Mon, March 20, 2017, noon:
Dean Yang, Taken by Storm
Shaw, Benjamin A., Neal Krause, Jersey Liang, and Joan Bennett. 2007. "Tracking changes in social relations throughout late life." Journals of Gerontology B: Psychological and Social Sciences, 62(2): S90-9.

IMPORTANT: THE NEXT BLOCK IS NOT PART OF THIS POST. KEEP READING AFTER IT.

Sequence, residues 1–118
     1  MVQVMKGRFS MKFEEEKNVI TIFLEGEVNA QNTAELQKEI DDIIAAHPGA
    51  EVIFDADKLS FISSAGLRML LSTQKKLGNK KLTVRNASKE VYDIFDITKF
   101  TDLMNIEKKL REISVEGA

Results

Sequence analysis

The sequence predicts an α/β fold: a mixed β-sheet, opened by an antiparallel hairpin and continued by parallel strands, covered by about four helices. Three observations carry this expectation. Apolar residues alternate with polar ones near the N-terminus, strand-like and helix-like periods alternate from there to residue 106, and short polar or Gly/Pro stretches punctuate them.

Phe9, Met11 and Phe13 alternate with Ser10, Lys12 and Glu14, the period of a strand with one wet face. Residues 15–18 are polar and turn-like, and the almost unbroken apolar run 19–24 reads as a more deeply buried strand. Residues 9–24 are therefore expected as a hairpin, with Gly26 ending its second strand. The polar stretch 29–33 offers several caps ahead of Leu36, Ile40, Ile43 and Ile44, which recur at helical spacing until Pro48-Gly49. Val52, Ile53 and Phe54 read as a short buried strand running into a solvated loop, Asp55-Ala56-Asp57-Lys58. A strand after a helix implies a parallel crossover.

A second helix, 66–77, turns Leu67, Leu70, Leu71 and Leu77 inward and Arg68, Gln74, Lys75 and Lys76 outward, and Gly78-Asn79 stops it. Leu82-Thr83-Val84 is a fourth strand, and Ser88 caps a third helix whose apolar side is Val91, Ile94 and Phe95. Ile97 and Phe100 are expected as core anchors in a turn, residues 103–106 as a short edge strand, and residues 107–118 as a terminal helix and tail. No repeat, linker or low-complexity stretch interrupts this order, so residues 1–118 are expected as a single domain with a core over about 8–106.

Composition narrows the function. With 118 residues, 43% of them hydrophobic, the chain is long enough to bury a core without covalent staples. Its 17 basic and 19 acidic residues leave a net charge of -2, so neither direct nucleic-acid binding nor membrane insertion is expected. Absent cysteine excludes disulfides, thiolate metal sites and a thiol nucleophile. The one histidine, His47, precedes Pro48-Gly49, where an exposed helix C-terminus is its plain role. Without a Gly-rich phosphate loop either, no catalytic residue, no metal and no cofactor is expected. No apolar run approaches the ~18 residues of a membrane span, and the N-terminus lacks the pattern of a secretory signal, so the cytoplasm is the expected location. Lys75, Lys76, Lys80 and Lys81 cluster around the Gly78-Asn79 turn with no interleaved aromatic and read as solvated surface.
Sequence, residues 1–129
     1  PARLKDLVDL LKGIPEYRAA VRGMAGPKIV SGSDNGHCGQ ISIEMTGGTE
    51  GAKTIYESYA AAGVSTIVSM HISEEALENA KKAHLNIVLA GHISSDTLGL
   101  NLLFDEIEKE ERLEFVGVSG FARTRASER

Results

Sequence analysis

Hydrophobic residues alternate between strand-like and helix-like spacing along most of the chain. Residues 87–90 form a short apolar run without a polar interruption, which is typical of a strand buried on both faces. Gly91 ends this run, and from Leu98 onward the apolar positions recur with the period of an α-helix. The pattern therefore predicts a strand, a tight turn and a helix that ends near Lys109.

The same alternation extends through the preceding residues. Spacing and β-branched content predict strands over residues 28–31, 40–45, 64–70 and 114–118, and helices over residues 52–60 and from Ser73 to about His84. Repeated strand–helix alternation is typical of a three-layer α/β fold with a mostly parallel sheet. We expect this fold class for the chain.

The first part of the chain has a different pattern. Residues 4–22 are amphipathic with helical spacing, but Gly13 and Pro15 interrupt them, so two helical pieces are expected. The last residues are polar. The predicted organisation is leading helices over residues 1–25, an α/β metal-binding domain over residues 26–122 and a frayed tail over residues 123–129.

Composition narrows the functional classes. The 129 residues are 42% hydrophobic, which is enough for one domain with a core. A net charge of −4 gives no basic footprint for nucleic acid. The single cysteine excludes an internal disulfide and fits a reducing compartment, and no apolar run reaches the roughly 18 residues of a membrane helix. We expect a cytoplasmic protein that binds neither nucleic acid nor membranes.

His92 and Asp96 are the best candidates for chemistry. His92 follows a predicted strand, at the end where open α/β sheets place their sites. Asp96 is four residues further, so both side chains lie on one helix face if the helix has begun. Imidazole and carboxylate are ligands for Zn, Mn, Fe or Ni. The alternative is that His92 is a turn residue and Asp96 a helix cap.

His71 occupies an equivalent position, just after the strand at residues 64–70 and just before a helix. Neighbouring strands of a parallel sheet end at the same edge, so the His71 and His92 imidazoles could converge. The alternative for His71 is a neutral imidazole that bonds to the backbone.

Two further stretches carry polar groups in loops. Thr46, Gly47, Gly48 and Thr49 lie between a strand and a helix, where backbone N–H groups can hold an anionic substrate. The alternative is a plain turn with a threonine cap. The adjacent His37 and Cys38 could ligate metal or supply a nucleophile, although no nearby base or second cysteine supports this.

OBJECTIVES: This research aimed to chart age-related changes in 11 dimensions of social relations during later life. We also examined interpersonal differences in intra-individual changes. METHODS: We used hierarchical linear modeling with data from a nationwide survey of 1,103 elders who were interviewed up to four times over a 10-year period. RESULTS: Age-related changes in social relations varied across the different dimensions, and significant interpersonal differences existed in these trajectories. Emotional support was relatively stable with advancing age, whereas other types of received support (i.e., tangible and informational) increased with age and levels of provided support declined. Furthermore, the findings revealed declines in contact with friends, support satisfaction, and anticipated support. These changes were not uniform throughout the sample, as indicated by significant random effects with respect to the intercepts and slopes in virtually each model. Gender and socioeconomic status accounted for some of this variation. DISCUSSION: These findings highlight the dynamic nature of social relationships in late life. In addition, the findings both provide evidence of older adults managing their social ties to meet the challenges of aging and suggest the importance of the interplay between giving and receiving support.